By now, you should be well aware of the New Atheism movement led by best-selling authors such as Richard Dawkins, Christopher Hitchens, and Sam Harris, and publicized by a recent humanist ad campaign in London that featured the words, “There’s probably no God. Now stop worrying and enjoy your life.” A similar campaign is on its way to our side of the pond–the Washington, D.C. area, to be more precise. The new campaign, funded by the American Humanist Association, will plaster “Why believe in a god? Just be good for goodness’ sake,” across buses this holiday season.
Obviously, we have little control over the decisions of groups such as the American Humanist Association (or retailers that choose to say “Happy Holidays”). What we can control, however, is our response. We can be indignant and outraged, and we can respond with as much anger and vindictiveness as we can manage. We can exact our revenge by boycotting the bus system and any companies that don’t embrace Christmas enthusiastically enough to satisfy our zeal. With God on our side, surely we can put those companies out of business as we make our voice and values heard. In the spirit of and defense of Christmas we can be angry, vengeful, and vindictive on the Web, on retaliatory ad campaigns, and on well-produced videos.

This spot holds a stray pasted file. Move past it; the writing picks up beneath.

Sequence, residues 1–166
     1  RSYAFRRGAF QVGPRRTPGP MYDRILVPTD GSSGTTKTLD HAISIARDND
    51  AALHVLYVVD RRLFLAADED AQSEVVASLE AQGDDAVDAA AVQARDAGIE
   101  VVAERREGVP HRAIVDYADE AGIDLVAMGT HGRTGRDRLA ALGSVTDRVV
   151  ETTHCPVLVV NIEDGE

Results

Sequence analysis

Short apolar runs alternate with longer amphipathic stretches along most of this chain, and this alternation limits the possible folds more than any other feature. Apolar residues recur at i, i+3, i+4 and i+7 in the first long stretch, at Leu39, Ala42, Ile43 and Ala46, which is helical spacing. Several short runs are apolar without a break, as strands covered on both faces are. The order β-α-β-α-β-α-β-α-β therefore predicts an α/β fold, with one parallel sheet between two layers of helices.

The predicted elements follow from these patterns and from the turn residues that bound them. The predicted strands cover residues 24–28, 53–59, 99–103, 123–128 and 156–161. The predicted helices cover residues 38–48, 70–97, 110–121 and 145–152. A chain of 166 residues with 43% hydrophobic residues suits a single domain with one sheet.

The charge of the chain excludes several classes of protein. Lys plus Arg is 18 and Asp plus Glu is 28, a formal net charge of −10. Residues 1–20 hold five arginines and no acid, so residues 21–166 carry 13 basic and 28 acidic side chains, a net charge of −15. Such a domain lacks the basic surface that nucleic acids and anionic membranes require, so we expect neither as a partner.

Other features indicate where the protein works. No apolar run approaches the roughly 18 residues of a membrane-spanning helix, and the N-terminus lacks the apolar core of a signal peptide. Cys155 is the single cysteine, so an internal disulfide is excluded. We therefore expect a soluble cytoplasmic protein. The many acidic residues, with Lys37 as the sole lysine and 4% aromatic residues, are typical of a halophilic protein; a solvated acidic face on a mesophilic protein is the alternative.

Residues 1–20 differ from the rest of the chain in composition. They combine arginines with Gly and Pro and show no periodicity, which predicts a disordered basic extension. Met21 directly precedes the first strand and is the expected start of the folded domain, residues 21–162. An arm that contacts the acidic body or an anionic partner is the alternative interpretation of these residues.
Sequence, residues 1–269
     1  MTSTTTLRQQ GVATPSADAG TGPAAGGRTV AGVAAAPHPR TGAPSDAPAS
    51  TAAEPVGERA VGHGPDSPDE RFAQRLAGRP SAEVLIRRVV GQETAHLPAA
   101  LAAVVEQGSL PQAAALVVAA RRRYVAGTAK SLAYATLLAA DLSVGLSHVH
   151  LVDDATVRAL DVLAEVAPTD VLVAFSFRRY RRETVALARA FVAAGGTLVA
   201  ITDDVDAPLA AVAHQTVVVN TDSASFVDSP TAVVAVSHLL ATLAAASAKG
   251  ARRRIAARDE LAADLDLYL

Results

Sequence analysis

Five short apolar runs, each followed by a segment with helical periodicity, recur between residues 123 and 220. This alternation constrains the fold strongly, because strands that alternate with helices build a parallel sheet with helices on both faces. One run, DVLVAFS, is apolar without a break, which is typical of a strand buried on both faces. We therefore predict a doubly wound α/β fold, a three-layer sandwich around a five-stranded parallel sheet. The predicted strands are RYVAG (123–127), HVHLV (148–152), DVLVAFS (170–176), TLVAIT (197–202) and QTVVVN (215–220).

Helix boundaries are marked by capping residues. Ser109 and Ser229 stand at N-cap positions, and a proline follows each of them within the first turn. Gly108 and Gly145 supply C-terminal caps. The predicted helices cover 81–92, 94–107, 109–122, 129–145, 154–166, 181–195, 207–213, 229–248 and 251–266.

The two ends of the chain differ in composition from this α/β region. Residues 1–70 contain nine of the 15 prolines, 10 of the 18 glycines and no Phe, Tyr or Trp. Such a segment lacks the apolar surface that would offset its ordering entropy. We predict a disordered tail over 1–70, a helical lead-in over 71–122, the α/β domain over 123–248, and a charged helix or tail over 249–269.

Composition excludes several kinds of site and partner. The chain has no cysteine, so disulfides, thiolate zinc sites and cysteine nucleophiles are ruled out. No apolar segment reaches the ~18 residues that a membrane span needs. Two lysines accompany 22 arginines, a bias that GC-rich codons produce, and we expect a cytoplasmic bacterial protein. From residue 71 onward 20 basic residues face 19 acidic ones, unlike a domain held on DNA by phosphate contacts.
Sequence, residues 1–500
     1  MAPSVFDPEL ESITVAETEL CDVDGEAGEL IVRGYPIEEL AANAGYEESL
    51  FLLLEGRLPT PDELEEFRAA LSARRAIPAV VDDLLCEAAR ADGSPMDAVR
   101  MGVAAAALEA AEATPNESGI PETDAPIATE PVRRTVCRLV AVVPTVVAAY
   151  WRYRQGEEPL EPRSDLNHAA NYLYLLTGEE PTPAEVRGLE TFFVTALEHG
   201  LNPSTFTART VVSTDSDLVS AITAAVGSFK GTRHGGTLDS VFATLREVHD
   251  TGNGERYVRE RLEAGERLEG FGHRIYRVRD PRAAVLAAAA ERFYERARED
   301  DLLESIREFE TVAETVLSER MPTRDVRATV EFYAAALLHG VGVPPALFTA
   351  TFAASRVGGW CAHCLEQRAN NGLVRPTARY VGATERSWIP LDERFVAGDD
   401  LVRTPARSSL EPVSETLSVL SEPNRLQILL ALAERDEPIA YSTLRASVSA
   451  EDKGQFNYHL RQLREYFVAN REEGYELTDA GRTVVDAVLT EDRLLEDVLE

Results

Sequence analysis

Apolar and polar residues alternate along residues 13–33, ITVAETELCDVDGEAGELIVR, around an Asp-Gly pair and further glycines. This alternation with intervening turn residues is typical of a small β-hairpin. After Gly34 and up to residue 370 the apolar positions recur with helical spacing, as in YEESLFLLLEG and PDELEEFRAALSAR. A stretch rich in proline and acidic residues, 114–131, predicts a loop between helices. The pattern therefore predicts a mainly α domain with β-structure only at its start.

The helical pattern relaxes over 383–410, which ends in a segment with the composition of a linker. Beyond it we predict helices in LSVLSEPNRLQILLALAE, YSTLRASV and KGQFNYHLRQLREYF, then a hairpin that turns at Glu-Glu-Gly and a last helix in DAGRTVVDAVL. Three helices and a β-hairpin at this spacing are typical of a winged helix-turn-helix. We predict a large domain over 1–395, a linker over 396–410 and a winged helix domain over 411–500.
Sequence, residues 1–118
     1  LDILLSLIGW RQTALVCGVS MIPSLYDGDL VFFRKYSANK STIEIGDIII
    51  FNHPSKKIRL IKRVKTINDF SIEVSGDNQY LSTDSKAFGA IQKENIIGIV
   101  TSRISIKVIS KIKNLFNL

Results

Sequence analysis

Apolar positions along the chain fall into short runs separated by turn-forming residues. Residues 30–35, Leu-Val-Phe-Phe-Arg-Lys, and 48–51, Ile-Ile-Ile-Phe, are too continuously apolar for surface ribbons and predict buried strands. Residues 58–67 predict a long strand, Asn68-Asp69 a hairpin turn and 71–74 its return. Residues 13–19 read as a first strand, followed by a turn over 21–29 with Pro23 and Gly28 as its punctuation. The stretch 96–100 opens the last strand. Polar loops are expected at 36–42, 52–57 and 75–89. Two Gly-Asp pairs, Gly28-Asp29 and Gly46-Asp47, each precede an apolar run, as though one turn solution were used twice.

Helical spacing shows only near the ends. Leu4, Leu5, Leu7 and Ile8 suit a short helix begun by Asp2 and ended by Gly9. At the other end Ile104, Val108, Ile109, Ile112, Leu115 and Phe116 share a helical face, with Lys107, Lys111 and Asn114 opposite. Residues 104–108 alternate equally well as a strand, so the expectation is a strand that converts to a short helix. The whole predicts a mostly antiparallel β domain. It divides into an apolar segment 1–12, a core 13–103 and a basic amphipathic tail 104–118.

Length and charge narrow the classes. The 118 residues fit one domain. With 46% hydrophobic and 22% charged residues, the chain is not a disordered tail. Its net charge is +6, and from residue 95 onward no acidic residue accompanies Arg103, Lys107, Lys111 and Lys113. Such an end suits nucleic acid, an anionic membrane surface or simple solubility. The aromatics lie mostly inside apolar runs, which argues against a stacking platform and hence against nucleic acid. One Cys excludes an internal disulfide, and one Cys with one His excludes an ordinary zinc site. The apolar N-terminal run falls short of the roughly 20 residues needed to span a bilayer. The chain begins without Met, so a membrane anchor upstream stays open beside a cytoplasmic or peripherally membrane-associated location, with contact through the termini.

Or, we could use our passion for God, our loud voice, and our creative talent to communicate the love, grace, and hope that Christmas embodies–regardless of how the world around us behaves. This is certainly the more difficult response. It requires us to let go, to trust God, and reject the pattern of this world by resisting the urge to strike back–to fight fire with fire. It is difficult to love people first, to love people who don’t love you back. But aren’t glad that’s exactly what Christmas is all about (John 3:16)? Aren’t glad that while we were still sinners, God loved us and Christ died for us (Romans 5:8)?
Instead of demanding that our culture act more Christ-like, let’s start demanding that of ourselves. Let’s love and serve those whose hearts seem far from God, in hope that they might catch a glimpse of him. That’s the choice we can and should make this Christmas–a choice that can and should be communicated in everything we say, do, and create.